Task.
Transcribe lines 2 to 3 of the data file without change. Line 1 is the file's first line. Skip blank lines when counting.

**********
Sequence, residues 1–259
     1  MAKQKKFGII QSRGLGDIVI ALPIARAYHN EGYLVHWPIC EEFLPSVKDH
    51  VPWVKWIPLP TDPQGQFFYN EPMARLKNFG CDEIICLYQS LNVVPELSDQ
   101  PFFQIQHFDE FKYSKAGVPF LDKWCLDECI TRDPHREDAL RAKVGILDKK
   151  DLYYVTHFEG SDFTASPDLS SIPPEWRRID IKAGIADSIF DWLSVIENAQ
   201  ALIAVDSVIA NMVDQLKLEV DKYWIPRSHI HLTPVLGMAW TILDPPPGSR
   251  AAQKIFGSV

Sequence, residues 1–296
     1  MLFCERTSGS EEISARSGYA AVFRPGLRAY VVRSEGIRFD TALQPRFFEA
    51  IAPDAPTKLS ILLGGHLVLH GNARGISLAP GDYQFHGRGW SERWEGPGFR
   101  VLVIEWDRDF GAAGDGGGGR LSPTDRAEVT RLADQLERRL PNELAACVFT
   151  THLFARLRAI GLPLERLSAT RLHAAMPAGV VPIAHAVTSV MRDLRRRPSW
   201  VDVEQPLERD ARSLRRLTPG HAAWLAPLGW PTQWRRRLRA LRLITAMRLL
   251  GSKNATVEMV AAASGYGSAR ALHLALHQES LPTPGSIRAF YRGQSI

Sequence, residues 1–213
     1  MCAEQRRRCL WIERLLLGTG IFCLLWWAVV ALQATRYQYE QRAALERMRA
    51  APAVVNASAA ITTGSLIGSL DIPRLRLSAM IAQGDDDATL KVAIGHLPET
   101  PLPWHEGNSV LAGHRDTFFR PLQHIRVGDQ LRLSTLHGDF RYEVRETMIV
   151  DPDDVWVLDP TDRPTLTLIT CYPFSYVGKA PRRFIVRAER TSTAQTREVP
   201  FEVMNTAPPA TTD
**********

     1  MAKQKKFGII QSRGLGDIVI ALPIARAYHN EGYLVHWPIC EEFLPSVKDH
    51  VPWVKWIPLP TDPQGQFFYN EPMARLKNFG CDEIICLYQS LNVVPELSDQ